Zendaya's New HBO Show 'Euphoria' Is a Wild Ride

Add "TV producer" to Drake's resumé, next to #daddy.

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Earlier this year, the news broke that Zendaya and Drake had joined forces to create a new HBO series titled Euphoria. The teen drama, picked up by the network that hosts popular series like Game of Thrones, Big Little Lies, and Westworld, stars Zendaya as the lead character. Per DeadlineDrake and his manager, Future the Prince, serve as executive producers, and it will be written by The Wizard of Lies' Sam Levinson.

Euphoria is based on the Israeli series of the same name from the HOT television network created by Ron Leshem and Daphna Levin, both of whom are also executive producers on the HBO remake. According to Variety, the show "follows a group of high school students as they navigate drugs, sex, identity, trauma, social media, love, and friendship." HBO's original series are notoriously mature in nature, which means that Euphoria will likely include graphic content—no Degrassi round 2 here. (Sorry, friends.)

Both Zendaya and Drake teased the series on Twitter. Zendaya tweeted a flashing, eery video of her and captioned it, "Euphoria. Coming soon" tagging HBO, A24 Entertainment Company (the people behind Lady BirdMoonlightThe Florida Project, and more), and Drake.

Meanwhile, Drake reposted the same video and wrote, "Side effects include #EUPHORIA. Coming soon" and tagged Zendaya, A24, and HBO.

I don't know about you, but if Zendaya and the 6 God himself are involved, I'm already in. But, just in case you feel like you need a little more info on the teen drama, we got you. Here, everything we know about Euphoria so far.

It has an incredibly diverse cast.

Zendaya was handpicked to play the lead character Rue Bennett, a recovering drug addict thrown back into her old high school life after a stint in rehab. Storm Reid (A Wrinkle in TimeWhen They See Us) plays her younger sister Gia, and the casting is on point—the actresses are close friends IRL and even look alike!

Other stars in Euphoria include Maude Apatow (the daugher of Judd Apatow and actress Leslie Mann), Brian “Astro” Bradley (a rapper best known from The X Factor), Eric Dane (HI, MCSTEAMY!), Algee Smith (The Hate U Give), Alexa Demie (a singer), Jacob Elordi (an Australian actor who played Noah Flynn in The Kissing Booth), Barbie Ferreira (a model and actress who frequently speaks out about body positivity), Nika King (who played Veronica in 2 Broke Girls), Hunter Schafer (a rising model), and Sydney Sweeney (known for her role on the Netflix series, Everything Sucks!).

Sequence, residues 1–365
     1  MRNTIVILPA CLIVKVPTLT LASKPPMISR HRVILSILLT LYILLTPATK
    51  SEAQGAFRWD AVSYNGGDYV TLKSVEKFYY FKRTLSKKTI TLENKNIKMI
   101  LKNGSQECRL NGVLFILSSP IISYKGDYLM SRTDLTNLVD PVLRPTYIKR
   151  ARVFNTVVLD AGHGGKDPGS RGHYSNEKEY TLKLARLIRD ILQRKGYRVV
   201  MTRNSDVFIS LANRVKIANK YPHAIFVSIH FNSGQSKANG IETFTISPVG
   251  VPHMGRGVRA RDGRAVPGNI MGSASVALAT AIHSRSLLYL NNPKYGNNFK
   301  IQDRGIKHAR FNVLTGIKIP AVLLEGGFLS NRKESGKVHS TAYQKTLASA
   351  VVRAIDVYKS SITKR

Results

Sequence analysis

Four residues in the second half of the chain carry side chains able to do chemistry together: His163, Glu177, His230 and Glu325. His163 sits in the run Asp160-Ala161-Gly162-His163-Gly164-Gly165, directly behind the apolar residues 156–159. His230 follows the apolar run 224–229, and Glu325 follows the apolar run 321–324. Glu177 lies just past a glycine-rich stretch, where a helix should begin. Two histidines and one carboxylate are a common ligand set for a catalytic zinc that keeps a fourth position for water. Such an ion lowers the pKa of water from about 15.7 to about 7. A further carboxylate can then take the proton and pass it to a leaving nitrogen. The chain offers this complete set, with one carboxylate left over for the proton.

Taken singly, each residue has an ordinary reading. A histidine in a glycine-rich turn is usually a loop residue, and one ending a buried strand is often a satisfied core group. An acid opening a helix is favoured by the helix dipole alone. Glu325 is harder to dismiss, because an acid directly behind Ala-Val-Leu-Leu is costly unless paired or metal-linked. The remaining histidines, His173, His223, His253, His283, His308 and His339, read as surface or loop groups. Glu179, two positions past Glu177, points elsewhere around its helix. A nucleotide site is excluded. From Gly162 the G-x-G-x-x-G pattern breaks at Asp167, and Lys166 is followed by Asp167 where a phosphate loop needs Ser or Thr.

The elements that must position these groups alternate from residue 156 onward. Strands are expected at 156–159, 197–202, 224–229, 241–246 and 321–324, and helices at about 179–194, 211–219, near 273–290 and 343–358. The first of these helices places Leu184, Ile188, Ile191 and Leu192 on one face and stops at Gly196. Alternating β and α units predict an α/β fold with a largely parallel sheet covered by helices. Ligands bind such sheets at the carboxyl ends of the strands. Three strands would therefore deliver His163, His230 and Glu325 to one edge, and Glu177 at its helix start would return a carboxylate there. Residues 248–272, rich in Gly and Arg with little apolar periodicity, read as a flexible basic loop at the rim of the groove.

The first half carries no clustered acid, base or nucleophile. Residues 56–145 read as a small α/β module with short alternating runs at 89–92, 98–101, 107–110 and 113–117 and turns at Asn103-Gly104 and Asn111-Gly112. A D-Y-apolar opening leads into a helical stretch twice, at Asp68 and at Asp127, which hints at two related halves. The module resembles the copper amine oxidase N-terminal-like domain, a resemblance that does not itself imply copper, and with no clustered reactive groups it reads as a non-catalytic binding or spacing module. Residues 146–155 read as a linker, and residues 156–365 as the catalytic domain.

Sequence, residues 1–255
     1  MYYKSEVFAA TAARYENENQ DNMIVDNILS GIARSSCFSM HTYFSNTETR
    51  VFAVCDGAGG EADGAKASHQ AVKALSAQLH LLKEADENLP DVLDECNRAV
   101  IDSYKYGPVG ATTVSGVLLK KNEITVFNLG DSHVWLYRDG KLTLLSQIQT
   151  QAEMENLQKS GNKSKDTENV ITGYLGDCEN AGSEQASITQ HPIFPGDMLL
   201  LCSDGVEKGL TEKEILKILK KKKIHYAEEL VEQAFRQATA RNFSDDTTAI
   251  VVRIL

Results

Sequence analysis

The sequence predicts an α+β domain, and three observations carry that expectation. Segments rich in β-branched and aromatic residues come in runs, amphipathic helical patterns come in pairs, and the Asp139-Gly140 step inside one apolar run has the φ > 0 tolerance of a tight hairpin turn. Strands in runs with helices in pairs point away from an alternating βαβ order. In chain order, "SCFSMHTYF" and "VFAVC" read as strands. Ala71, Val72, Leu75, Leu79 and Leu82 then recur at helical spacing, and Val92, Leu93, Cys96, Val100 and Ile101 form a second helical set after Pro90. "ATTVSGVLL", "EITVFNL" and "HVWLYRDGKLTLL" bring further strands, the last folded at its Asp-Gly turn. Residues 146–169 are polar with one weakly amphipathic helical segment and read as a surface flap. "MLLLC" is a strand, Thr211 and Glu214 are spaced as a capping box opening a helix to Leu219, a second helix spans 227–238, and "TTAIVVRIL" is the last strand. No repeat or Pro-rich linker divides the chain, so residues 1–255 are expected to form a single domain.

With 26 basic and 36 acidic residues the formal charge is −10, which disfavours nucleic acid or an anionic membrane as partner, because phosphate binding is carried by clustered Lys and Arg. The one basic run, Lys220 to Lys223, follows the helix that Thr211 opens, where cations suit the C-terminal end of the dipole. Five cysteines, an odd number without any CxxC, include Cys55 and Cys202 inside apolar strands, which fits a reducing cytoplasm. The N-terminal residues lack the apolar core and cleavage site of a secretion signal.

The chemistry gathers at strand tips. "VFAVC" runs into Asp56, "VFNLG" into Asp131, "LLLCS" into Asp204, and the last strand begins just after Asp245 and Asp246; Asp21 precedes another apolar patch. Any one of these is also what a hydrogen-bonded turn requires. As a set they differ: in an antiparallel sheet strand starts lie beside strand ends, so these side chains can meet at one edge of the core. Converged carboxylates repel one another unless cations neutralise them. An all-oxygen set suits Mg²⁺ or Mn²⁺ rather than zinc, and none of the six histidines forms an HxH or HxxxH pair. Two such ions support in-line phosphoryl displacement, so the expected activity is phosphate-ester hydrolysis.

The storyline gets a little...dark.

Euphoria's plot is a lot more melancholy than one might expect for a teen drama; think less Manny Santos wearing a bright blue thong to school (iconic but a little innocent for this day and age), more existential crisis and generational trauma. At the crux of this story is Rue's ongoing battle with her drug addiction, and while the subject matter is far from easy, the show believes that its a necessary discussion to have. Many of the cast members feel a special burden for this particular theme. "On a personal level, it’s not anything that’s new," Storm Reid told Teen Vogue in her cover story. "[The opioid crisis] is something that’s even affected people in my family, so it was something that I could draw emotion from, and I know how it makes me feel.”

Having struggled with addiction himself, writer Sam Levinson wanted to approach the topic with authenticity while still being sensitive to the viewers. "I think any time you put anything on screen, you run the risk of glamorizing it just by the nature of it being on screen,” he said at at the ATX Television Festival panel for the series. “I don’t want [to be triggering], but we also have to be authentic about it. … I think people can tell if we’re pulling our punches and not showing the relief that drugs can be. It starts to lose its impact.”

The series will also feature a number of sex scenes. Though it may be uncomfortable seeing teenagers do the deed, the depictions make sense, as the teen years are often the time for sexual curiosity and awakening. Euphoria is intentional about framing these moments for what they often are: confusing, exhilarating, and uncomfortable. "In terms of the sex scenes, the main thing we tried to do is keep the camera still," said Lewinson. "You want to allow for the awkwardness and the discomfort to bleed into it."

It's already gotten rave reviews.

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Just a week from its official television debut, Euphoria has already received praise from numerous critics for its raw portrayal of Gen-Z. The Hollywood Reporter gave it a glowing review, calling Euphoria "boundary-pushing, real and exceptionally realized" despite the fact that the audience will definitely need a trigger warning for every episode. And Decider called it "gripping, heartbreaking, surprising, and unmistakably cool."

Euphoria may be a teen drama, but its artistic inspection of the lives and minds of Gen-Z is sure to be something that both young (not that young—18 and up, folks) and old will enjoy.

You can catch the series premiere of Euphoria this Sunday June 16 at 10pm EST on HBO.

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